In essence, a living will becomes effective when the creator is no longer capable of making decisions with regard to medical treatment. It may be in the face of a terminal illness, permanent unconsciousness or coma, inability to communicate, mental incapacity, or vegetative condition.
In the event of any of these situations, the health care provider – a hospital, a hospice, or a nursing home – must be provided with a copy of the advance directive. The instructions contained within the legal document will serve as the basis for the continuation or withdrawal of medical treatment and other life-sustaining procedures.
The health care team, specifically the attending physicians, is legally bound to follow the directives indicated on a living will. However, although it is considered a legal document, the maker may revoke or change the contents of the will provided that it is carried out prior to becoming debilitated.
On top of that, the proper procedures for the revocation of living wills should be followed to make the act official.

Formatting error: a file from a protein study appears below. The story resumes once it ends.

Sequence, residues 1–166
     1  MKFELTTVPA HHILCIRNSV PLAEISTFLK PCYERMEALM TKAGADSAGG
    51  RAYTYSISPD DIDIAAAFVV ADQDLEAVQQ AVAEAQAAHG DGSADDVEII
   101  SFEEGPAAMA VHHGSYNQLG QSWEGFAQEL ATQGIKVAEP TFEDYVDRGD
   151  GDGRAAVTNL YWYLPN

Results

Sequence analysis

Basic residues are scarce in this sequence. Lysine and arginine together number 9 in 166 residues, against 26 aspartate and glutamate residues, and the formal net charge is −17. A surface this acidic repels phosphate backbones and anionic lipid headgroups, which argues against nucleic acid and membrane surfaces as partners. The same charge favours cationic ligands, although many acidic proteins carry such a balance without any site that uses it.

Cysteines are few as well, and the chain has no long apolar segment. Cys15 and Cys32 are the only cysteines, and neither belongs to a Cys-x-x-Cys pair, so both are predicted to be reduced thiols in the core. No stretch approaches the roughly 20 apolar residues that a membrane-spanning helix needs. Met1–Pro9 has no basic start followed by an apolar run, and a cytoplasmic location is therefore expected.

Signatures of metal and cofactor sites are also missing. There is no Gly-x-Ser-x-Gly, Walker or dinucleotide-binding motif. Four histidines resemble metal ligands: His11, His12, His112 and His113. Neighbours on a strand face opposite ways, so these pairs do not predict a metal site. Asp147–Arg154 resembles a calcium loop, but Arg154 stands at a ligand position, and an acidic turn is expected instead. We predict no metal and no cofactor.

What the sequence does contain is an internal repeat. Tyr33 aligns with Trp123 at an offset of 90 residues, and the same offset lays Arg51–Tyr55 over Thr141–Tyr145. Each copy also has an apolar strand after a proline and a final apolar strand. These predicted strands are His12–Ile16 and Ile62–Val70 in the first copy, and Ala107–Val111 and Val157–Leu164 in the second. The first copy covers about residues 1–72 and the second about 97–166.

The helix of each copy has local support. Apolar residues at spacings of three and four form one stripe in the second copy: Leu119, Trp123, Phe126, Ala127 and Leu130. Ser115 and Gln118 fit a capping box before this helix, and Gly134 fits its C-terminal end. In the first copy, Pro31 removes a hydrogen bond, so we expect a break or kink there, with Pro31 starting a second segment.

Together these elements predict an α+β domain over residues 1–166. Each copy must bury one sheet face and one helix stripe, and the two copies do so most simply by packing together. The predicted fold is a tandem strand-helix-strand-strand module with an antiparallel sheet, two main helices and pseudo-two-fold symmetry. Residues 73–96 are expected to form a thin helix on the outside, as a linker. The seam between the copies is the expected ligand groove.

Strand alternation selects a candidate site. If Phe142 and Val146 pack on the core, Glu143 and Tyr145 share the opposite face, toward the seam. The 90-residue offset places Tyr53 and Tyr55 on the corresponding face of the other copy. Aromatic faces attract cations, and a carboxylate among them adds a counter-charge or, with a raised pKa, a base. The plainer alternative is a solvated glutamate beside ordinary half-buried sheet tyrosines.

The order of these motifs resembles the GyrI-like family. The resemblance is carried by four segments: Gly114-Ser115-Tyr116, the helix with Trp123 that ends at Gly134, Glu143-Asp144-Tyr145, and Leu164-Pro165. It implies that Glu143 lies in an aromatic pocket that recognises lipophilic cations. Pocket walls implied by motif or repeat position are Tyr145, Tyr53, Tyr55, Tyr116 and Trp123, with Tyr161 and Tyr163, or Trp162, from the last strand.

What is the difference between a Living Will and a Living Trust
The two terms living will and living trust may seem a bit vague. Oftentimes, people may even use them interchangeably. However, you have to understand that a living will is certainly different from a living trust. Although both may share a number of similar characteristics, you have to know their exact definitions for you to be able to fully utilize them to your advantage.
It is a legal document that states your wishes regarding health care decisions in the event of an unfortunate occurrence such as a terminal illness or a permanent vegetative state. This form of advanced directive will only take effect once you have shown evidence of incapacity to participate in the decision-making process with regard to your medical treatment.
Basically, the policies that govern the making and application of living wills are based on state laws concerning the matter. The statutes may hold differing views from one state to another. So be sure to follow state-specific procedures to avoid conflicts since this is, after all, a lawful document.
Other states may not have particular laws pertaining to living wills. Then again, you may take advantage of the option to appoint a health care surrogate in case you become too ill to participate in making health care decisions for yourself. As the name implies, your surrogate will act and decide on your behalf under the mentioned circumstances.